The job of medical physicist is a career which uses analytical and applied scientific techniques to help medical staff diagnose and treat patients. They are also involved in research to find new ways to diagnose and tackle diseases.
Alternative job titles for this role
- Biomedical physicist
- Diagnostic and Interventional radiology physicist
- Nuclear medicine physicist
- Clinical scientist
Medical physicists use a range of analytical, computer-aided and bioengineering techniques in their work such as radiotherapy, x-ray imaging, ultrasound, radiology, and lasers. They apply the concepts, theories and methodologies of physics along with engineering and technology skills to the treatment of disease and work with a range of medical staff, usually in hospitals, clinics and research facilities. Their work ranges across a variety of specialisms including diagnostic and intervention radiology (also known as medical imaging), nuclear medicine, and radiation oncology (also known as radiotherapy) and clinical physiology. They also work on a variety of research projects, including the applications of digital computers in medicine and applications of information theory to diagnostic problems; processing, storing and retrieving medical images.
What the job involves
- Research, develop and evaluate new analytical techniques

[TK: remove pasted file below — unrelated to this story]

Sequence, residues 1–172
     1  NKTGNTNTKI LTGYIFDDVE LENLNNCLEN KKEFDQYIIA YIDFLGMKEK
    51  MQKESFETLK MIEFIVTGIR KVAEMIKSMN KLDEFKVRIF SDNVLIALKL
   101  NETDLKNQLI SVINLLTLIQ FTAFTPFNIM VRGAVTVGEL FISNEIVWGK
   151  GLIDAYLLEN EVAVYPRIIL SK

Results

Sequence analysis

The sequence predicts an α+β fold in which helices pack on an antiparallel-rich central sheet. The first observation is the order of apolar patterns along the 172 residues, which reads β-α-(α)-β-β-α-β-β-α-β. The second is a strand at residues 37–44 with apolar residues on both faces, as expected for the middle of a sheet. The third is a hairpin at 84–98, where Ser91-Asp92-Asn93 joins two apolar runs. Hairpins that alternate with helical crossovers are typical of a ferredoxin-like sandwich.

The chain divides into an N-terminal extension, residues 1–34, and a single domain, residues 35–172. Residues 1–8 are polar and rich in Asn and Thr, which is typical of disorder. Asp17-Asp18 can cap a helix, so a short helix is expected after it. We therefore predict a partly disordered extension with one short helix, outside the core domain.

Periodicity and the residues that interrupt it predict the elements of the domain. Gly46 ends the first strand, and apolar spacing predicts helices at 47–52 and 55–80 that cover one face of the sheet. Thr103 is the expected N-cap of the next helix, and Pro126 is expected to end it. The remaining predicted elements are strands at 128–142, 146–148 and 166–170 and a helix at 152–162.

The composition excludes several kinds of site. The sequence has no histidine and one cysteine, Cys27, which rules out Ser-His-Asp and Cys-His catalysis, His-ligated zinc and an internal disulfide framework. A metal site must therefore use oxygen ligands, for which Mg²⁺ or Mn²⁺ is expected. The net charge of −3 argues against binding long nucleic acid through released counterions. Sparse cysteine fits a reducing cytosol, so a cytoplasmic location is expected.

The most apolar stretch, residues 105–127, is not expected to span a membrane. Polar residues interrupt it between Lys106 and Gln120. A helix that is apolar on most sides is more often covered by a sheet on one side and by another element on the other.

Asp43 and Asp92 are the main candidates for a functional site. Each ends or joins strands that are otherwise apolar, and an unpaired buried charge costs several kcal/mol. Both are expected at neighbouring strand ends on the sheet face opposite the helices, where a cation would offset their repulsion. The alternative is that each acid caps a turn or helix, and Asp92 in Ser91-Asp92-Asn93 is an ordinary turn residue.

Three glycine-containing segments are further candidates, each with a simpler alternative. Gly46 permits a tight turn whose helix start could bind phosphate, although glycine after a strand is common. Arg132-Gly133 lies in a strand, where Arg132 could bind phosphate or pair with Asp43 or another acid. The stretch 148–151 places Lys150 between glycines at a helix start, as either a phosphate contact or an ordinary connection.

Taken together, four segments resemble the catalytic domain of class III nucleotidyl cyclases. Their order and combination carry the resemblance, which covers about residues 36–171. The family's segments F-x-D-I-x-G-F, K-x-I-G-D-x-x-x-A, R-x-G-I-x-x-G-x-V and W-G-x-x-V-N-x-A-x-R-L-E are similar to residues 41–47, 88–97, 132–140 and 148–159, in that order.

- Carry out mathematical modelling
- Maintain equipment
- Plan and ensure safe and accurate treatment of patients
- Provide advice about radiation protection
- Train and update healthcare, scientific and technical staff
- Manage radiotherapy quality assurance programmes
- Write reports
- Manage laboratory
How your career can develop
Progression to higher grades usually follows on from further training and postgraduate qualifications. You can progress to a role as a principal scientist or consultant scientist after several years' experience at a professional grade. This can be either a clinical or management role. A consultant role in management is likely to involve the management of a large department or major departmental section, and advanced budgeting and administration skills are often required.
Why medical physicists matter
Medical physicists play a vital and often leading role on the medical research team. Their activities cover wide frontiers, including such key areas as cancer, heart disease, and mental illness.
- An interest in physical sciences
- An interest in medicine and patient care
- Attention to detail
- Concentration skills
- An enquiring mind
- Good problem solving skills
- Observation skills
- Good mathematical and technical skills
- Research facilities
- Medical device manufacturers
- Pharmaceutical companies
- Diagnostic or medical instrumentation manufacturers
- Graduate/Starting €23,500
- Senior/Principal €112,000+
There is a variety of degrees that are related to medical physics such as bioengineering, physics with medical physics and medical physics. You could also study a PLC or diploma in a general science subject and before progressing to a degree course relating to medical physics. Most medical physicists pursue postgraduate qualifications.